“Chickens may look crowded, but they would become frightened if they were thrown loose in the truck and might trample each other if scared,” Badger says. The drive to the processing facility can be unpredictable.
“Some processors have no choice but to drive four hours to a processing facility,” Badger says. “But the drive does carry risks of heat, bad weather, the truck breaking down and other elements out of their control.”
Once at the processing facility, big integrators like Tyson historically stun the birds, says Badger. “Employees put the birds on shackles, then dip them into a water bath and cut their throats,” he says. “The argument is that is the most humane way to slaughter the birds.”
Pasture poultry processors, however, process birds in the halal or kosher method of putting the birds upside down in a kill cone that hugs them before an employee cuts their throat. Birds lose consciousness immediately or within seconds.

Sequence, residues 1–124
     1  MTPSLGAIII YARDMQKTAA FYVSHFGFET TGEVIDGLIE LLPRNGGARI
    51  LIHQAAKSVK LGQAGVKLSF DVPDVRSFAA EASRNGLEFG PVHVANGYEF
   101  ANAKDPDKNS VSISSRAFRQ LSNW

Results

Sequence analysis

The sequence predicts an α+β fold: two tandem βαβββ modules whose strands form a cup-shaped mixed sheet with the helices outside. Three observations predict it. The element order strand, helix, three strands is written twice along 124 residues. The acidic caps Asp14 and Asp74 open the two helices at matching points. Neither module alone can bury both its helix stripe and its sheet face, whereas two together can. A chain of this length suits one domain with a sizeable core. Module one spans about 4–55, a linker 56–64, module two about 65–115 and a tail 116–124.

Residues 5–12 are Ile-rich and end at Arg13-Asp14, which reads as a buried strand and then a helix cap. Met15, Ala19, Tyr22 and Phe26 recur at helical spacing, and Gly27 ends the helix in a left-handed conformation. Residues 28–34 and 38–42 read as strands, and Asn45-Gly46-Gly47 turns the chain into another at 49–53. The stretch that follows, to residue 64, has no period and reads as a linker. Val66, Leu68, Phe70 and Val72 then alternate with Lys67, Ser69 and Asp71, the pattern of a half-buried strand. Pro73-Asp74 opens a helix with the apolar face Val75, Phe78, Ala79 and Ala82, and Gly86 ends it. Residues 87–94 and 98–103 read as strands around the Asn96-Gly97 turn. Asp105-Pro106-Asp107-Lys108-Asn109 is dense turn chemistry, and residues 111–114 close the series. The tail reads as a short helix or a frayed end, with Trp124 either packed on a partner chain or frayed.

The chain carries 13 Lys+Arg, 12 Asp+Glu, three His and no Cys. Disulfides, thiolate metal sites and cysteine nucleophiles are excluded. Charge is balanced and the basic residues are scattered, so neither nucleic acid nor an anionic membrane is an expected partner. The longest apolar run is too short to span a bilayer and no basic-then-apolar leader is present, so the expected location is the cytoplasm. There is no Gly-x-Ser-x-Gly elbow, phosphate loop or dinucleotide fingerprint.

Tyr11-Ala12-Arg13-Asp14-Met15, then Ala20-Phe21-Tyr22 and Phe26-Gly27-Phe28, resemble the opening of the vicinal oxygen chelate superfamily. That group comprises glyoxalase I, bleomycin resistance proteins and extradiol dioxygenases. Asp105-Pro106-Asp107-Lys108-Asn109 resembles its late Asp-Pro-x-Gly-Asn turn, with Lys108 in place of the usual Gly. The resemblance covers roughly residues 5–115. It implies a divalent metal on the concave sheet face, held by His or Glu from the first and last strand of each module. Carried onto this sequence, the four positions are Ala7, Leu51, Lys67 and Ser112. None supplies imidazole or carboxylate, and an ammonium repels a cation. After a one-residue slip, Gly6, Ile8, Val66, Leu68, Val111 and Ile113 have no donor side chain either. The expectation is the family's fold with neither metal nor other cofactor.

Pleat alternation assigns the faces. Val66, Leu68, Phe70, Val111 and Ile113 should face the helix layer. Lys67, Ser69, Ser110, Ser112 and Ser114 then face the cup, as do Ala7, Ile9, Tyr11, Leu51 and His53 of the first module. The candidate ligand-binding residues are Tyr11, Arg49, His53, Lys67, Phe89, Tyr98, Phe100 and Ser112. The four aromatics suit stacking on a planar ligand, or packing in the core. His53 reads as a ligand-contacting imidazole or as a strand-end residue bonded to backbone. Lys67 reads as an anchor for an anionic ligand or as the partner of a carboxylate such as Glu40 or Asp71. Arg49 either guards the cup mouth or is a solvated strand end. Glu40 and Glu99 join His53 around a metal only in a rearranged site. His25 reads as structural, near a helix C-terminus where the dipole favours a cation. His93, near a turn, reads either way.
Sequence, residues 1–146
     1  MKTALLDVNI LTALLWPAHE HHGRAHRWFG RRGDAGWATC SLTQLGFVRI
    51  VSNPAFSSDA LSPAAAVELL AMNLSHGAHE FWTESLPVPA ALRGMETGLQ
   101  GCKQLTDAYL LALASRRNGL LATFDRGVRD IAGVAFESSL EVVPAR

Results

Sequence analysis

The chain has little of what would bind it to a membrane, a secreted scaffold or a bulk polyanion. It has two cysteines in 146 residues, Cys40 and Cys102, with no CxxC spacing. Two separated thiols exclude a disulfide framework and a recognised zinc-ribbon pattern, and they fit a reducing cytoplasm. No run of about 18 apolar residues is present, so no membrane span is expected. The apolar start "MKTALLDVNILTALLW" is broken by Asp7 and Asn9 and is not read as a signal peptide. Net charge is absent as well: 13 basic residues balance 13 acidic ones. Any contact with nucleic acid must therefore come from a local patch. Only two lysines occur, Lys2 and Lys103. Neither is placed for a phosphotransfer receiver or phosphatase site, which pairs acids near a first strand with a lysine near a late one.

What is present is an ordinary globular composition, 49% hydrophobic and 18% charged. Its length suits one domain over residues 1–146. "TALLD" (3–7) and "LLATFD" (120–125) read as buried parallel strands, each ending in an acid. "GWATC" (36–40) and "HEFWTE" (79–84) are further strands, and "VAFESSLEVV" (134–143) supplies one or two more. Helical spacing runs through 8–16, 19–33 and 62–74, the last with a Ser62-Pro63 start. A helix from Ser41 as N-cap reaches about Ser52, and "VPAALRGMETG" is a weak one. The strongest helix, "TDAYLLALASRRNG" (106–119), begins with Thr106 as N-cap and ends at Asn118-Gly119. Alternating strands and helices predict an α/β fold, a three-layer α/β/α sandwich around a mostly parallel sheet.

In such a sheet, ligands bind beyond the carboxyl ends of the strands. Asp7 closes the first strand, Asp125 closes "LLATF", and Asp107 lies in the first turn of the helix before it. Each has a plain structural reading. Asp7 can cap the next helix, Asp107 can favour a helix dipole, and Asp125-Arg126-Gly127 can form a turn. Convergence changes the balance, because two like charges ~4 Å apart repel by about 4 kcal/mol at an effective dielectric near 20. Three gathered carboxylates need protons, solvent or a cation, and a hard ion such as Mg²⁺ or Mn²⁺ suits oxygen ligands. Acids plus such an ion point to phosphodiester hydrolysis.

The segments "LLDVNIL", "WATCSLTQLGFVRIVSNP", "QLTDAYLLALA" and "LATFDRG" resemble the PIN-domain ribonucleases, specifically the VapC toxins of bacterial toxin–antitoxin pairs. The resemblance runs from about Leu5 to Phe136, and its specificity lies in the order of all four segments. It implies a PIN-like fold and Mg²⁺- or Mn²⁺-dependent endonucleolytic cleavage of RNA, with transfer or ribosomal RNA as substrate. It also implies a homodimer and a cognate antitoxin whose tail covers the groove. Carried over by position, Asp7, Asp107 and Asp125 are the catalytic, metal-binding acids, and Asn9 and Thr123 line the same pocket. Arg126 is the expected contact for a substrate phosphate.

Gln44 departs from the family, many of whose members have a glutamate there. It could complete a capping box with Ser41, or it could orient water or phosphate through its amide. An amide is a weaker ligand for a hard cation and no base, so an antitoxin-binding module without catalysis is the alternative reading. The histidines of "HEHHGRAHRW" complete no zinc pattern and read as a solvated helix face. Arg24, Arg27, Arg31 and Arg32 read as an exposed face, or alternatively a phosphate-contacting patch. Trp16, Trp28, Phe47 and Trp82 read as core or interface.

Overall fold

“Stunning is about efficiency,” Badger says. “But shackling the bird upside down before the water bath is stressful and could even be inhumane. Some birds are scalded alive or miss-stunned.”
Badger doesn’t believe chamber stunning is ultimately as humane as some in the industry say it is, based on the human element — or lack thereof.
“Chambers may have the appearance of looking humane, but we think the slaughter process can’t be humane without humans,” Badger says. “If we’re killing 150 birds every minute, then how humane is that compared to on our farms, where we process 150 to 500 or 1,000 a day?”
Hernandez believes the stress-free entry into the chambers helps when it comes to hog processing.